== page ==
About 220 Jews remain in Macedonia, too few to merit a grand center, said Sadikario. He thought the millions invested in the project might be better spent on Macedonia’s crumbling universities. He also noted that construction was supposed to finish two years ago, but has been repeatedly delayed by the Jewish leaders struggling to manage the project.

“There is no capacity,” Sadikario said. “Judaism is actually dying out in Macedonia. It’s not too much to say its dead."
Others, however, consider this a "world-class" museum and look forward to it becoming a destination - helping to put Skopje on the travel map.

Here is the report posted by the World Jewish Congress:

Macedonia praised for honoring its Jews at opening of Holocaust memorial museum

11 March 2011

A museum dedicated to the memory of the Jews of Macedonia who perished in the Shoah has been inaugurated in the former Yugoslav republic, in the presence of the country’s president and representatives of international Jewish organizations, including the World Jewish Congress (WJC). In his speech, the WJC’s Research Director Laurence Weinbaum pointed out that no Jewish community in Europe had suffered a greater degree of destruction than the Macedonian one. Referring to Macedonia's principled stand on the restitution issue and to its unwavering friendship with Jews and Israel, he said: "In much of contemporary Europe, dead Jews are respected, but live ones are defamed. You honor the dead and the living, and in so doing you have set an example to which other nations should aspire. There are nations that are larger, richer, better known and more powerful than Macedonia, but none more decent, gracious, good-hearted and noble.”

In a video message to the event, US Secretary of State Hillary Clinton said that "this museum and memorial will document the long and rich history of Jewish life in the Balkans and honor the memories of those who perished in the Holocaust. Schoolchildren and visitors from throughout the region will be able to see their faces, hear their stories, and learn about their lives. The government of Macedonia has shown real leadership by enacting legislation resolving compensation claims for Jewish property stolen during the Holocaust and supporting the establishment of this memorial and museum. And today your entire nation can be proud of this effort." The modern, multi-million dollar edifice stands in the heart of what was once the city's Jewish Quarter, in the center of the Macedonian capital Skopje. It was built by the Jewish community of Macedonia, which today numbers some 100 members. Macedonian Jewry benefited from a 2002 law providing for the return of heirless Jewish property, a law that is widely recognized as one of the best in Europe.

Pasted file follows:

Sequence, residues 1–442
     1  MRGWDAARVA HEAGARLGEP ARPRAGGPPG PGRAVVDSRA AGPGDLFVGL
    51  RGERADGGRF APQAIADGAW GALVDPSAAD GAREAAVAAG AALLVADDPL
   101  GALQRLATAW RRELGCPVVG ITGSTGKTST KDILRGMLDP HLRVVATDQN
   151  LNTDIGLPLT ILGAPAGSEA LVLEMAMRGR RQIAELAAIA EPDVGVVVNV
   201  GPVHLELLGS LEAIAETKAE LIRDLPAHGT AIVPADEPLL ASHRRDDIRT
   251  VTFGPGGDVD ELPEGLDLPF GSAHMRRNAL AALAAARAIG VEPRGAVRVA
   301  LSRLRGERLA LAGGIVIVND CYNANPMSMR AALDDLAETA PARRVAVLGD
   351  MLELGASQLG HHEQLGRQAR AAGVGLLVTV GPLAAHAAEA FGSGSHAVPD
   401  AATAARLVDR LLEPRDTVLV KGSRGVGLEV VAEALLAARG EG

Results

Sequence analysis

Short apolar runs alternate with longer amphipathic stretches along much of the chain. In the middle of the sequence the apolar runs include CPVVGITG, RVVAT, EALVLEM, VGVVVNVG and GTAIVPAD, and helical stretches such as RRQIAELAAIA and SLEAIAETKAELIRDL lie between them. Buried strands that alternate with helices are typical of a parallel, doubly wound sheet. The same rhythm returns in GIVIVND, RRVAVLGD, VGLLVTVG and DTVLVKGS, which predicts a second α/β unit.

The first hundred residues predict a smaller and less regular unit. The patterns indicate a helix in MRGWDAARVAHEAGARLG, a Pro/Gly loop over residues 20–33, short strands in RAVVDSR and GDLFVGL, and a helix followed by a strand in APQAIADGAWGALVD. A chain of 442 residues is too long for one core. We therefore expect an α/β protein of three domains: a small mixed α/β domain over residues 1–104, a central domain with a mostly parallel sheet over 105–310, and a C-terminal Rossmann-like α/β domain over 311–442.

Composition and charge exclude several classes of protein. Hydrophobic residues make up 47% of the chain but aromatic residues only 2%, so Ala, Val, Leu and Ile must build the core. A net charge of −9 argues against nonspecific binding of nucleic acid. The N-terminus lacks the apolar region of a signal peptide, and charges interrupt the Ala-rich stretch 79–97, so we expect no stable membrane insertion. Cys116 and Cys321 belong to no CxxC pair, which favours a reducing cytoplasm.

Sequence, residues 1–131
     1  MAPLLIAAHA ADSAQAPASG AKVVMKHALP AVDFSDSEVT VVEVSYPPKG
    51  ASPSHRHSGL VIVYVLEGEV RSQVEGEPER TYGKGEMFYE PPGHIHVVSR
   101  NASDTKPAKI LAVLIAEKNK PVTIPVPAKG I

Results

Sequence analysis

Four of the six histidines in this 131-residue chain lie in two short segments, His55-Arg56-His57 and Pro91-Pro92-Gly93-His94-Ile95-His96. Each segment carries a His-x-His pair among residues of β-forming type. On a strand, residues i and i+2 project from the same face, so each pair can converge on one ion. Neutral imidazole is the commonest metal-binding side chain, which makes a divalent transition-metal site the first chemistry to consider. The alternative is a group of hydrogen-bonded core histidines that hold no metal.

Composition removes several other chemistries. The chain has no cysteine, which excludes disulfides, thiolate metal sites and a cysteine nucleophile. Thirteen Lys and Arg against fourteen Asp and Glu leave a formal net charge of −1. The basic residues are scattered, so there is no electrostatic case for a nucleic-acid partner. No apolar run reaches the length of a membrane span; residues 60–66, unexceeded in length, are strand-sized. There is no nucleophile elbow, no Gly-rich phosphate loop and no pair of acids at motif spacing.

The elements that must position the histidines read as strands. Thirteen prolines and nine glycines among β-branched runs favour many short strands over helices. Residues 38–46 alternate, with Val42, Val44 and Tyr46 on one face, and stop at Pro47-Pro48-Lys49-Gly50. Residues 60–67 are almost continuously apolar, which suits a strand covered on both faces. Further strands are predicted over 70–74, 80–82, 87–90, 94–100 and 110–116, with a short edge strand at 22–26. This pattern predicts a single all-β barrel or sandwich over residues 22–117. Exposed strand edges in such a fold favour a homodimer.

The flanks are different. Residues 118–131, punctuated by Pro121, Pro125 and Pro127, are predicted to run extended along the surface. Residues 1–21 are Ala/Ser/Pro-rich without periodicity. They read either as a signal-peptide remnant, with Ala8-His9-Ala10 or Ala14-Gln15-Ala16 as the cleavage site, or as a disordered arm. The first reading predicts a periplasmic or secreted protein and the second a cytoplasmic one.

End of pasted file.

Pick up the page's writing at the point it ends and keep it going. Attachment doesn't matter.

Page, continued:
"The only surviving member of the 81-strong Misrahi family was my father," Viktor Misrahi (pictured on the left), one of the few Macedonian survivors still alive, told the news agency AFP. "Today, the ashes of our people were brought back here from Treblinka and they will remain here, at their home," he added. At the ceremony, Macedonia was hailed for enabling the Jews to regain the assets they had lost in the Shoah. The cornerstone for the museum was laid in 2005. Ljiljana Mizrahi, president of the local Holocaust Fund that had initiated the project, opened the ceremony by reading the names of some of the victims and explained that the museum would "preserve the memory of the Jews of Macedonia, not only commemorate their deaths, but also their lives and the civilization that perished with them."

In his address, Macedonian President Gjorje Ivanov recalled the long history of co-habitation between Jews and Macedonians of other faiths and said that with the loss Linkof the Jews "a part of Macedonia had been torn out and that on the Jewish streets of Skopje, Bitola and Stip, after the war there was silence." He went on to note Macedonia's support for Israel, which he said would continue.

In April 1941, Macedonia - then a part of Yugoslavia - was occupied by Bulgarian troops. In contrast to its policy back home, Sofia instituted a regime of terror and plunder against Macedonian Jews. That policy culminated in the deportation in March 1943 of some 7,200 Jews to the German death camp at Treblinka, from which not a single one returned. Some 98 percent of the Jews were killed. The only survivors were those who had managed to evade deportation, many of whom fought with the partisans.

Also, Read the AFP story here.

For more on Jewish sites in Macedonia click here.